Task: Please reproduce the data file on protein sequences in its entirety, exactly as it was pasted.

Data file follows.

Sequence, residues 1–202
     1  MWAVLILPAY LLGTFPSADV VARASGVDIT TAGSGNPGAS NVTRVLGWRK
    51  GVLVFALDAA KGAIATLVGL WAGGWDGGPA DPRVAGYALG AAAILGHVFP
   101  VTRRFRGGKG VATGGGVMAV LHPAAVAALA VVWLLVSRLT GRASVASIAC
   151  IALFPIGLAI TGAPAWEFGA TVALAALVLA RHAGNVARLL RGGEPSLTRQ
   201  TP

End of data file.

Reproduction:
Sequence, residues 1–202
     1  MWAVLILPAY LLGTFPSADV VARASGVDIT TAGSGNPGAS NVTRVLGWRK
    51  GVLVFALDAA KGAIATLVGL WAGGWDGGPA DPRVAGYALG AAAILGHVFP
   101  VTRRFRGGKG VATGGGVMAV LHPAAVAALA VVWLLVSRLT GRASVASIAC
   151  IALFPIGLAI TGAPAWEFGA TVALAALVLA RHAGNVARLL RGGEPSLTRQ
   201  TP